I'm thinking of a new campaign (homemade), in which my players are not the typical chosen and super powerful heroes that finish with a drágon in a singular duel at high level. This time I want them to experience what it is to be weak, what it feels like to be a npc.
I was thinking of a campaign where only npc classes are enabled (commoner, adept, expert, warrior and aristocrat). Let the players begin in a common village, and be attacked by some (weak) monsters who slaughter their families and from there seek revenge.
The idea would be for everyone to start as commoner on the first level (since they are not supposed to be trained for combat) and from there to choose whether to become adept, expert or warrior, through training and hard work.
Obviously the encounters that would put them would be from a much smaller cr to that of a pathfinder of its same level, but I think it could become a fun game.
The idea is that the adept fulfills the magic class function, the expert a roguish role and the warrior...well, a warrior.
But maybe it would have to give something more to the expert so that it is up to the height since it only has many skills, but it does not gain neither magic nor good bab, perhaps to detect and to disable traps like the picaro? What do you think?
Im not sure if put there the aristocrat since doesnt have much sence to be an aristocrat there.
Do you think this would be fun? Any suggestions?
I found it doesn't work well with party. It works great solo though. The problem I found was with out the more feature rich class features you needed to focus more character. In solo you can really do that well in larger party divided attention makes that limited per player and player get bored really quick.
In a group very into role-play sure it could be fun for a time. If your group is committed to this idea, ask them to make normal non-NPC characters with a lower point buy and to distribute their skill points in a more "practical" way. They have PC classes, but they also have jobs in town. The warrior type is a town guard, the spellcaster is a scribe, etc. Explain that they are not seasoned, grave-robbing, murderous adventurers... yet. Power Attack is solid choice as a first level frontliner, but Alertness or Improved Initiative would better serve a town guard. Color spray is a good spell, but a scribe would probably opt for comprehend languages. A skill point in a Profession or Craft skill would be a must, unless the character is a drifter or unskilled laborer.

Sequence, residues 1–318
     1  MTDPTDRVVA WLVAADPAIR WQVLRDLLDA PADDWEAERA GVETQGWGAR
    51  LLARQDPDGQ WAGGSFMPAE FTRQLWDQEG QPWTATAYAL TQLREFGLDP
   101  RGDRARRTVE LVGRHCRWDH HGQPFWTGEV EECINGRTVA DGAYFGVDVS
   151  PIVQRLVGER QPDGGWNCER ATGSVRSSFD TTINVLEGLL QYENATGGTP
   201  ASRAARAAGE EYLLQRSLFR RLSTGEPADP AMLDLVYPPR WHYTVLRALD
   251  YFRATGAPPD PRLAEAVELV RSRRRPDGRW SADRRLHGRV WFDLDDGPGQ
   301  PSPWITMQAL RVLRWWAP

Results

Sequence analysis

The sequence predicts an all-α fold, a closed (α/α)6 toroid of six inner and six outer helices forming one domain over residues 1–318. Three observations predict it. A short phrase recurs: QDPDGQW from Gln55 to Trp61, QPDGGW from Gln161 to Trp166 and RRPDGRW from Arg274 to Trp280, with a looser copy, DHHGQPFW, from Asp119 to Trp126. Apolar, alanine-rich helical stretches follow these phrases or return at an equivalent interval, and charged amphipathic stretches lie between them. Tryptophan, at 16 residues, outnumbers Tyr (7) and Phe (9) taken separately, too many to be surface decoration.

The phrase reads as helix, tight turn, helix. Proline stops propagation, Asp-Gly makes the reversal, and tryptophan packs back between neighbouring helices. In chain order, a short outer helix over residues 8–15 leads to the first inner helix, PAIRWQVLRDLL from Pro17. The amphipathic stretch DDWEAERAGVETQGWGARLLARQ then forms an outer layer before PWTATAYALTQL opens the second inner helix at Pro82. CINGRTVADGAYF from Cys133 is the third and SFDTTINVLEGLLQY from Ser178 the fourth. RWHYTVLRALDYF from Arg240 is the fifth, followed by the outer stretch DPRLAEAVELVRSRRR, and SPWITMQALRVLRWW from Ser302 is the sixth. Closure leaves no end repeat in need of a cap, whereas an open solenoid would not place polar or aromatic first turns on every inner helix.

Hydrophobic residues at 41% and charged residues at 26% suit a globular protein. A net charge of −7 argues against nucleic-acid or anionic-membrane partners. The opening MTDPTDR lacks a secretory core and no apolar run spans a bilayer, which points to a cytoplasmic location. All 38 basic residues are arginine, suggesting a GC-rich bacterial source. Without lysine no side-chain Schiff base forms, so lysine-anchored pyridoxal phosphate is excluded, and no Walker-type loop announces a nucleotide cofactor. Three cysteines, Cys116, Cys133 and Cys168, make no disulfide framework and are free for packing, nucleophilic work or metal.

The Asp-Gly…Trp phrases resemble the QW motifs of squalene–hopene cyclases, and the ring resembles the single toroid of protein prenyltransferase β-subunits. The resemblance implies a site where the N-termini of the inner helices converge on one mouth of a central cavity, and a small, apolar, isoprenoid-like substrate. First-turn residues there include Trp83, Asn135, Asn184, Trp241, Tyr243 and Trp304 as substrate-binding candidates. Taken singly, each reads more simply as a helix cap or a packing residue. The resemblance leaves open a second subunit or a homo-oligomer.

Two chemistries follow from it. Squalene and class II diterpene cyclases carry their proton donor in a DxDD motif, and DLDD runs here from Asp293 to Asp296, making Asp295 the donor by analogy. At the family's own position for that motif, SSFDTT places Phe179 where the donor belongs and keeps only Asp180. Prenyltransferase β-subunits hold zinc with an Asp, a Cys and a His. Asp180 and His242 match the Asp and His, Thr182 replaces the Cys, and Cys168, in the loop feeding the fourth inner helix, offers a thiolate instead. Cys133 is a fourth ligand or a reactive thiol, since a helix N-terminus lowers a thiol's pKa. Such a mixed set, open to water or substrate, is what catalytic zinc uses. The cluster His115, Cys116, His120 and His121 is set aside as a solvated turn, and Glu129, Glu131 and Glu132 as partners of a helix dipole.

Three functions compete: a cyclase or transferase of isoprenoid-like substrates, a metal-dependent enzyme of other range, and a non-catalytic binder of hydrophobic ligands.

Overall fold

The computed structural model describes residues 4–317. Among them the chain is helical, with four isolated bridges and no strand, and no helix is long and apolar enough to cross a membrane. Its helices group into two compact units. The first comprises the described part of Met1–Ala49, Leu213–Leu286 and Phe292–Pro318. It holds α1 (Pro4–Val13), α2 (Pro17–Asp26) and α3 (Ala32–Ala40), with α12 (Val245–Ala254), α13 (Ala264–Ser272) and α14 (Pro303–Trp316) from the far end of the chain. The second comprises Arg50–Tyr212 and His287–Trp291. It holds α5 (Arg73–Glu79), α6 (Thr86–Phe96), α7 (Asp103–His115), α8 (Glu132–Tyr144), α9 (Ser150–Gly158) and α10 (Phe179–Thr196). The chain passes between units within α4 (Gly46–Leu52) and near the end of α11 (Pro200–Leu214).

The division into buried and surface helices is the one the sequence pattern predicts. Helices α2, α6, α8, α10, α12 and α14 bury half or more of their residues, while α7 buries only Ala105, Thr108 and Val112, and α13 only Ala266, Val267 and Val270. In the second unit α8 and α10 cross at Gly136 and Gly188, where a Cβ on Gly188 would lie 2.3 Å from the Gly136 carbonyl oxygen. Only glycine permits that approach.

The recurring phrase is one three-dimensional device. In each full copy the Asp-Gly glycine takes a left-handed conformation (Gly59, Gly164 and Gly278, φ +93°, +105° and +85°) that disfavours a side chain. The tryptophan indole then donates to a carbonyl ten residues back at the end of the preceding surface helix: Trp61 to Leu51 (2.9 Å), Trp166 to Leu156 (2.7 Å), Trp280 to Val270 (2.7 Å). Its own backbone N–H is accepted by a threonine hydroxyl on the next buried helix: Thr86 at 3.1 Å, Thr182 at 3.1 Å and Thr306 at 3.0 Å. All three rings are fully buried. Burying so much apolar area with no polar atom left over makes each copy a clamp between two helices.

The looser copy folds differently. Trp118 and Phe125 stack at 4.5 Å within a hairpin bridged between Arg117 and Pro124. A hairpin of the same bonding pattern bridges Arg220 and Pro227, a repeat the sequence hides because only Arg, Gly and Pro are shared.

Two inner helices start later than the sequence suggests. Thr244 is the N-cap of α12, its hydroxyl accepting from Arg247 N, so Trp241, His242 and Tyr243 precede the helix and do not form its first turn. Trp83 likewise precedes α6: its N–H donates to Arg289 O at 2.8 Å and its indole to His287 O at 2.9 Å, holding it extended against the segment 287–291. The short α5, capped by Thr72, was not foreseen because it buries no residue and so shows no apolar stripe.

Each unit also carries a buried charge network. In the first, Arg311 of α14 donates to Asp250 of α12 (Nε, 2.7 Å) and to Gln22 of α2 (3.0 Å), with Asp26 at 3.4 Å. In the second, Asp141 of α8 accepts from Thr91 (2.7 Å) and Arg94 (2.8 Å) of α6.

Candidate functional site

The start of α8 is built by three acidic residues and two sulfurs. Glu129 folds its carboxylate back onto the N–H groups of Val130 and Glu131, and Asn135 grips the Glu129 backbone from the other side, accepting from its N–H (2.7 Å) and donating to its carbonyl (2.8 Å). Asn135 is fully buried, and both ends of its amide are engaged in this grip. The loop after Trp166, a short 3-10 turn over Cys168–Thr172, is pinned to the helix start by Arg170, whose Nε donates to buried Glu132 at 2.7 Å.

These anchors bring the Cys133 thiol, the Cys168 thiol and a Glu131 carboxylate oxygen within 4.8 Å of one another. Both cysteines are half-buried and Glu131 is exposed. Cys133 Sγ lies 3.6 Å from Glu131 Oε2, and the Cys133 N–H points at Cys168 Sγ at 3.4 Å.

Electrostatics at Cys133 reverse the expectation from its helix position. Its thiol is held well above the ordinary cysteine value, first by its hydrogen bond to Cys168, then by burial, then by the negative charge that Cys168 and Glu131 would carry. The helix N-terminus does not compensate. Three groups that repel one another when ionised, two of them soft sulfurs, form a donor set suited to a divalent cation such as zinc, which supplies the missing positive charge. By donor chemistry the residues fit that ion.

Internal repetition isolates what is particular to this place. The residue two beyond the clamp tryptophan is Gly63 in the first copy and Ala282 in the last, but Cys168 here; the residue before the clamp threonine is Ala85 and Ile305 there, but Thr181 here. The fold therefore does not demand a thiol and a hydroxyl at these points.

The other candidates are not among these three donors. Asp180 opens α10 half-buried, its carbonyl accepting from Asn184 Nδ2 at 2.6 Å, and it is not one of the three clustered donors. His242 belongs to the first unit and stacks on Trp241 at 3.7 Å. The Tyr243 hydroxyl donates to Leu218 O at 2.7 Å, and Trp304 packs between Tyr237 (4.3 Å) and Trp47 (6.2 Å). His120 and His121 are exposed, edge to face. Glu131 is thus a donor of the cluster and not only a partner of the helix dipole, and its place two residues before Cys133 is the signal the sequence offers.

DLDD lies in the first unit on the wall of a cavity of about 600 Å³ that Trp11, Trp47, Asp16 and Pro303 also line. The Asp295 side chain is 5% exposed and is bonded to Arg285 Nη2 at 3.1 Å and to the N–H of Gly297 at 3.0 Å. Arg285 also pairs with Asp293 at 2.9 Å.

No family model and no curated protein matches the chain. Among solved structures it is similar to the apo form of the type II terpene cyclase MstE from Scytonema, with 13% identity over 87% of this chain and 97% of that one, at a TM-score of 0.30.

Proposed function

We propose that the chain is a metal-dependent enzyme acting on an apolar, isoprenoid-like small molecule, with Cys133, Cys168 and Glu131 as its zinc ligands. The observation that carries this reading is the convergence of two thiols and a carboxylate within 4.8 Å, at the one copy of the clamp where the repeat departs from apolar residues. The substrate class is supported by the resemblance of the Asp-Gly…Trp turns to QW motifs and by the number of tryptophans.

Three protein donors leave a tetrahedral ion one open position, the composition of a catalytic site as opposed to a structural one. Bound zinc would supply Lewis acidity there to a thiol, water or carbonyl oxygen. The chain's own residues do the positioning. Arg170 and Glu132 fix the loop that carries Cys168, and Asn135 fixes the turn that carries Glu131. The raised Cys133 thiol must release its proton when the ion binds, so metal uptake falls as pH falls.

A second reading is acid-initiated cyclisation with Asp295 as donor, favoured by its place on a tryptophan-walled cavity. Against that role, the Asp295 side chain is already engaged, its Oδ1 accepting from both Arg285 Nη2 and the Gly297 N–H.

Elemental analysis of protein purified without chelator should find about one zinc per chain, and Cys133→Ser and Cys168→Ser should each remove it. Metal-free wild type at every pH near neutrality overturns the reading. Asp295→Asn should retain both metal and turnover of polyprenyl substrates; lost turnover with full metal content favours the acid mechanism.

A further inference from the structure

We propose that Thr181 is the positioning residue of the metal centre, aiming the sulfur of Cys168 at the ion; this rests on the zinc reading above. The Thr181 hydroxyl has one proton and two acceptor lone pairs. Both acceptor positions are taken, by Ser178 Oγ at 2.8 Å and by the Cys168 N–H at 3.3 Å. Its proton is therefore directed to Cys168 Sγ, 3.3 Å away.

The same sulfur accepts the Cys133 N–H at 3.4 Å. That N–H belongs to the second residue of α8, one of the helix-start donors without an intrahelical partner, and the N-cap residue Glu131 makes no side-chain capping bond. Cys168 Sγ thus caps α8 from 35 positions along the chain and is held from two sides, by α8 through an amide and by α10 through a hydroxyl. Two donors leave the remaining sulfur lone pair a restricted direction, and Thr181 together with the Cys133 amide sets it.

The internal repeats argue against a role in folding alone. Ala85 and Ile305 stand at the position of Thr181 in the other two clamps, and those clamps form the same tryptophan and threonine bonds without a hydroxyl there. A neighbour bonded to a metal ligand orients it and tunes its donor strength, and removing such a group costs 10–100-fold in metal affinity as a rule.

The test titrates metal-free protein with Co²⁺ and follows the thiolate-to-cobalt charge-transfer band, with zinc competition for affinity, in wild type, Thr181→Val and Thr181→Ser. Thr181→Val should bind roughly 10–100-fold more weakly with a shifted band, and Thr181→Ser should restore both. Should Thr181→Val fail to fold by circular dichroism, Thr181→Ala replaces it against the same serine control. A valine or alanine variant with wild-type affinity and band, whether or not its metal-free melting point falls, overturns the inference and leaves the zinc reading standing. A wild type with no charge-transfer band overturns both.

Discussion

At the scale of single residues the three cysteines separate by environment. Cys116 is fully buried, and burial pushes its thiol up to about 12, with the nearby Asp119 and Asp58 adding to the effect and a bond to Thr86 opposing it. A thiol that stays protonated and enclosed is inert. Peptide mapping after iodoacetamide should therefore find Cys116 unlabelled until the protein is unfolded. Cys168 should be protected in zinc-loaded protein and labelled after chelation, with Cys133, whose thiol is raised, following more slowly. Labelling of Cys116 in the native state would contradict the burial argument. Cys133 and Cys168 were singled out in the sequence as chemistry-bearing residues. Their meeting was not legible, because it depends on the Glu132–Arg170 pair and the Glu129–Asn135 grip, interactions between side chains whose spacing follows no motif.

Hey, so I actually was playing with a very similar idea before. My plan was to do the same with the NPC classes but after a major event (read: families are killed by orcs in a raid)they set off on a small adventure, low CR like you said, and then level up to their first "Hero" level. Thus locking them into that career track. I think yours sounds very similar just obviously without real classes coming in.
To that, my biggest issue I had was BALANCE. NPC classes don't work well here, which don't get me wrong I like rolling for stats vs point buy so balance is not my main point. However, it does suck to be a commoner. Literally nothing is in your favor. So unless that player is cool with being the worst of the worst then it's probably not going to be picked.
My biggest tip is that while it's a good idea and I think keeping PC levels in but at a Slow Advancement XP track and having the level CAP be like 10 or 12 is a better approach. I went as far as even making some house rules that limited character progression to keep them "weak".
In the end if the players are cool with it and you like it who cares how it works as long as it works.
I dont get it well, you say boring cause all levels are kind of the same thing?
Not really the same but limited in scope. For example the aristocrat will be socializing with the nobility but he warrior will want to bashing heads. So you make the warrior the body guard, well nothing happens to require a body guard in most cases. So bored warrior.
This happens with normal classes too but those classes usually have enough features to useful in those situations. The fighter is the exception, they suffer the same as the warrior.
Now in solo, you can focus better on the scheming nobility with the aristocrat or send the warrior out as armed patrol with city watch. With normal class the whole party go out on armed patrol. An aristocrat would not.
It's not that it's impossible to do. It's just more tricky. It's hard enough to do with normal classes using NPC classes just makes it harder.
|Edward the Necromancer|
Back in the D&D 3.5 days there was a post on the old Wizard's Message Boards that was just the written story of a Commoner in a Solo Game. So a NPC class game CAN be done. But you need the right player(s). Most of the players I have meet would not like the idea of being an Average Joe. Which IS perfectly reasonable considering that part of the fun of these games IS the power fantasy.